The magnification of the system is changed when the lens units 81 and 84 are interchanged through an electrical control by means of a motor or solenoid. When the reduction lens unit 84 is used, the image Re of the eye E being measured is observed in a reduced scale as shown in FIG. 13. The aperture plate 82 increases the depth of field, permitting the operator to observe the eye E being measured in a wide area.

FIG. 14 is a flow diagram showing the measurement operation by the above system. Blocks surrounded by a dotted line change the optical magnification. When the initial setting is made, as in the preceding embodiment, the optometric measurement start switch demounts the magnifying lens unit 81, and mounts the reduction lens unit 84. The observed image through the reduction lens unit 84 is shown in FIG. 13. The deviation of the optometric unit 3 is detected by the method of detecting the pupil of the eye E being measured.

Since the pupil detection is performed in a reduced scale in this case, the detection area of the pupil becomes even wider. The deviation of the optometric unit 3 is converted into the distance of travel, and the drivers are controlled to move the optometric unit 3 to within a permissible range in a reduced scale, thereby performing the alignment operation. When the optometric unit 3 comes into the permissible range, the reduction lens unit 84 is demounted, and the magnifying lens unit 81 is mounted. The alignment light source is lit at the moment the magnifying lens 81 is mounted. In accordance with the corneal reflex images, a fine alignment operation is carried out.

When the optometric unit 3 is placed to the appropriate position, the optometric measurement is performed. When the optometric measurement is successful, the left-right switching operation is carried out for the measurement of the other eye. At the same time the magnifying lens unit 81 is automatically demounted, and the reduction lens unit 84 is automatically mounted. A coarse alignment operation at the reduced scale and then a fine alignment operation at the magnified scale are performed to measure the other eye.

Since a wide area of the eye E is observed through the observation and position detection from the reduced scale to the magnified scale, simply touching the optometric measurement switch, automatically, aligns the optometric unit 3 with the eye E, performs the optometric measurement, switches between the left and right eyes, and prints out the measurement results. The ease of use of the apparatus is substantially promoted.

FIG. 15 is a block diagram of the system in which the control program stored in ROM 56 is stored in a storage medium such as a floppy disk to use the alignment control in another optometric apparatus. A disk drive 91 is connected to the data bus 53, and the storage medium 92 is loaded thereto and unloaded therefrom. A modem 93 is also connected to the data bus 53. A host computer connected through a network may load the control program.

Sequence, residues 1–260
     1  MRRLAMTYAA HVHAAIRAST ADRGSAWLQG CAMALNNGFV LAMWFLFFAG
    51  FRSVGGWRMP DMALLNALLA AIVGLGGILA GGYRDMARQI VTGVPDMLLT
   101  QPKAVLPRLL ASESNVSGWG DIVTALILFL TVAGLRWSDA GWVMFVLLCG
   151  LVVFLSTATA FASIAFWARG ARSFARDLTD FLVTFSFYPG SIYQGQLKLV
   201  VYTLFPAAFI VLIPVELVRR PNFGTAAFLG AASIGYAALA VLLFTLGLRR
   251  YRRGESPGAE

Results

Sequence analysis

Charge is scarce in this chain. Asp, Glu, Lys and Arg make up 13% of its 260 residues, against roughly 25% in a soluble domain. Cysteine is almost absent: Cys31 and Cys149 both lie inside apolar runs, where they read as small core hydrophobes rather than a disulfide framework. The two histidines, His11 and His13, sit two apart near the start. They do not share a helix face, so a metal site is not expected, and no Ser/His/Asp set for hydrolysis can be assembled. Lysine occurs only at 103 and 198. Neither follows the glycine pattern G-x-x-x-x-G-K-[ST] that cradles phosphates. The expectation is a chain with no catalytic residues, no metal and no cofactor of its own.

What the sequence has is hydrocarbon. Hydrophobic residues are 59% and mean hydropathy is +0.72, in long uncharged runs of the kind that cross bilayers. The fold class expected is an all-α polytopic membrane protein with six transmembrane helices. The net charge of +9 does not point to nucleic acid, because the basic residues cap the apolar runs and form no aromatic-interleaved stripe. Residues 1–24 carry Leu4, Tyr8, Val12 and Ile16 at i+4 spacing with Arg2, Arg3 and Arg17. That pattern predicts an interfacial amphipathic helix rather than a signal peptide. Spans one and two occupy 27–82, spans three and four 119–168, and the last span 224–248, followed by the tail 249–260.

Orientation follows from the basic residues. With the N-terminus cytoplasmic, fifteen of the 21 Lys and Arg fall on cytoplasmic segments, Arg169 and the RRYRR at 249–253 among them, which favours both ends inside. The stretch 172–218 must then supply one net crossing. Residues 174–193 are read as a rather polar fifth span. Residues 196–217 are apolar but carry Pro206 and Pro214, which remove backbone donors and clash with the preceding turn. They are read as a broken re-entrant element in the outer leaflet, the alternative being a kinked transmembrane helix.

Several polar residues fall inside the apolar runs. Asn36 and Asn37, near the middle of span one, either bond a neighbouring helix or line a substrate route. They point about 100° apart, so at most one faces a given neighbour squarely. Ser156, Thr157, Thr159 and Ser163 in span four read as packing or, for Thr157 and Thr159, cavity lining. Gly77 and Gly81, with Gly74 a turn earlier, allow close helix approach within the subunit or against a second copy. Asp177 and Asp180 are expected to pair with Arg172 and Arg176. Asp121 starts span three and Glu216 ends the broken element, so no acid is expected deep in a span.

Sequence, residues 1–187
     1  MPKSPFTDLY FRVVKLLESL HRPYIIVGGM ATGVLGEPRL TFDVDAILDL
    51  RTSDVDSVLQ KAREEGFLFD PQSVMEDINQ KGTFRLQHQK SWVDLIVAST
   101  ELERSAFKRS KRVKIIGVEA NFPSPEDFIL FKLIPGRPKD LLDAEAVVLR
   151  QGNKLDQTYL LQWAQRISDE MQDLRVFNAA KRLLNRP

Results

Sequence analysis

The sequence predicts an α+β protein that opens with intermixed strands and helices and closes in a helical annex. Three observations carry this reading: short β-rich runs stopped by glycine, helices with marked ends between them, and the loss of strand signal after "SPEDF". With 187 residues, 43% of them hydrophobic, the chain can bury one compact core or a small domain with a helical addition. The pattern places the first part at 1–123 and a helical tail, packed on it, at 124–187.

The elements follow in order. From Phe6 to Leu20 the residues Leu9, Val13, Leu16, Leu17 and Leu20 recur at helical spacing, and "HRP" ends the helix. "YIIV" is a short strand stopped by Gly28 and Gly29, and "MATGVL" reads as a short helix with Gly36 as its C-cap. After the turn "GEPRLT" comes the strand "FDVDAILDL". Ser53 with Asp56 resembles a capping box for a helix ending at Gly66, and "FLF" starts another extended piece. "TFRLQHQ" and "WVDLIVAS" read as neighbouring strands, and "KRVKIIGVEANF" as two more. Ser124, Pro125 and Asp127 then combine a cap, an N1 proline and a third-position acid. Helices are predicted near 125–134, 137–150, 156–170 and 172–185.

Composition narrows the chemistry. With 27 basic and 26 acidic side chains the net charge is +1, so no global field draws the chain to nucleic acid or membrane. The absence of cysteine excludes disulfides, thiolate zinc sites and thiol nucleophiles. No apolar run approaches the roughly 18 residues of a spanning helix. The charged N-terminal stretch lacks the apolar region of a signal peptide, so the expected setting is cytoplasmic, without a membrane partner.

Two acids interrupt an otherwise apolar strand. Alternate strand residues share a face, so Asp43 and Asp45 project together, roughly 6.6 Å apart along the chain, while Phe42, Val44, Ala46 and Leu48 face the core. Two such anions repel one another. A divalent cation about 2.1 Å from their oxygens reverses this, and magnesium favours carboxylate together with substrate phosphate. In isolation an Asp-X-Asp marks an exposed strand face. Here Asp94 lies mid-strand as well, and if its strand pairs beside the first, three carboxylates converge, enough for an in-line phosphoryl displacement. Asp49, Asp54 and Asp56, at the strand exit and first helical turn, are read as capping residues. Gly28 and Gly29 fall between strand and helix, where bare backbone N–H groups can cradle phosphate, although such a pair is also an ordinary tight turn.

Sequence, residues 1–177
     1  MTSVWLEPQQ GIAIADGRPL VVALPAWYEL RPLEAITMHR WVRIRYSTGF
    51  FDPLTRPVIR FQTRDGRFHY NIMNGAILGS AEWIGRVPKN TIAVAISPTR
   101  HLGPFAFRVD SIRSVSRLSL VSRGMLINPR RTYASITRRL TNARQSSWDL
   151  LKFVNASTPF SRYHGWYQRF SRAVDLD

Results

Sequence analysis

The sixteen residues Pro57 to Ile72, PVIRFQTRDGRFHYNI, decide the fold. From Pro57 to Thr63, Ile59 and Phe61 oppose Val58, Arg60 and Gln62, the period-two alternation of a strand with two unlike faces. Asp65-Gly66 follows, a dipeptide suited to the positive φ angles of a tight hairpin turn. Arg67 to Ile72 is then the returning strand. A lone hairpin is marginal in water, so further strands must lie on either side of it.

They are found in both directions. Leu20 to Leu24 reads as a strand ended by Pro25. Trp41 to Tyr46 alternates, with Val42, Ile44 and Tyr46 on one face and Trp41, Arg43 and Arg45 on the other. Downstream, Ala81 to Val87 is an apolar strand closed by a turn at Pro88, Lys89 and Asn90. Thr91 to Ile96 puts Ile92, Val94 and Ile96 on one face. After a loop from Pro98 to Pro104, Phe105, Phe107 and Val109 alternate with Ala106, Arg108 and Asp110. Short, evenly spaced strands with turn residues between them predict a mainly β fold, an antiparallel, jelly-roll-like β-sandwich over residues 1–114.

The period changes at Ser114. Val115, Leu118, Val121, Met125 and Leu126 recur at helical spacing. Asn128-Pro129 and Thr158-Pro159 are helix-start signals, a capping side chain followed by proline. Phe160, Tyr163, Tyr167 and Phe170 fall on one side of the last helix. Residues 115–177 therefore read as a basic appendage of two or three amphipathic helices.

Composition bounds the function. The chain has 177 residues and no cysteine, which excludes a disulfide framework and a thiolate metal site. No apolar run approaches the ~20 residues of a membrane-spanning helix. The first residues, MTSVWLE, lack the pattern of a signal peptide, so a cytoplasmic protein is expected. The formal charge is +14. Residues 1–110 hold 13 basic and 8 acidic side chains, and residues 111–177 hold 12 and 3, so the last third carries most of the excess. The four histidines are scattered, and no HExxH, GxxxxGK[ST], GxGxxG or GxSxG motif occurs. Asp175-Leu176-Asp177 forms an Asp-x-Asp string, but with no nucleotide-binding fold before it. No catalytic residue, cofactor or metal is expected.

A plurality of control programs having different initial settings are prepared so that an operator may select one matching an optometric apparatus in use or a subject of interest. Furthermore, the control program is associated with a voice guide program under which a subject can follow a voice instruction for the measurement or a display screen control program. With this arrangement, the optometric apparatus becomes a subject-operated version.

The optometric apparatus of the present invention needs no operator's intervention to switch between the left eye and right eye, and automatically performs the optometric measurement from the alignment operation to the end of the actual measurement.

The optometric measurement method of the present invention allows the optometric measurement to be reliably shifted to the other eye subsequent to the measurement of one eye of the subject, by executing a program in the measurement of the left and right eyes of the subject.

While the present invention has been described with respect to what is presently considered to be the preferred embodiments, it is to be understood that the invention is not limited to the disclosed embodiments. The present invention is intended to cover various modifications and equivalent arrangements included within the spirit and scope of the appended claims.

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Referenced by
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US6714694 *27 Nov 200030 Mar 2004Xerox CorporationMethod for sliding window image processing of associative operators
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Classifications
U.S. Classification351/221
International ClassificationA61B3/10, A61B3/16, A61B3/15
Cooperative ClassificationA61B3/152
European ClassificationA61B3/15B
Legal Events
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8 Oct 1999ASAssignment
Owner name: CANON KABUSHIKI KAISHA, JAPAN
Free format text: ASSIGNMENT OF ASSIGNORS INTEREST;ASSIGNOR:UCHIDA, KOJI;REEL/FRAME:010294/0669
Effective date: 19990917
Owner name: CANON KABUSHIKI KAISHA 30-2, SHIMOMARUKO 3-CHOME,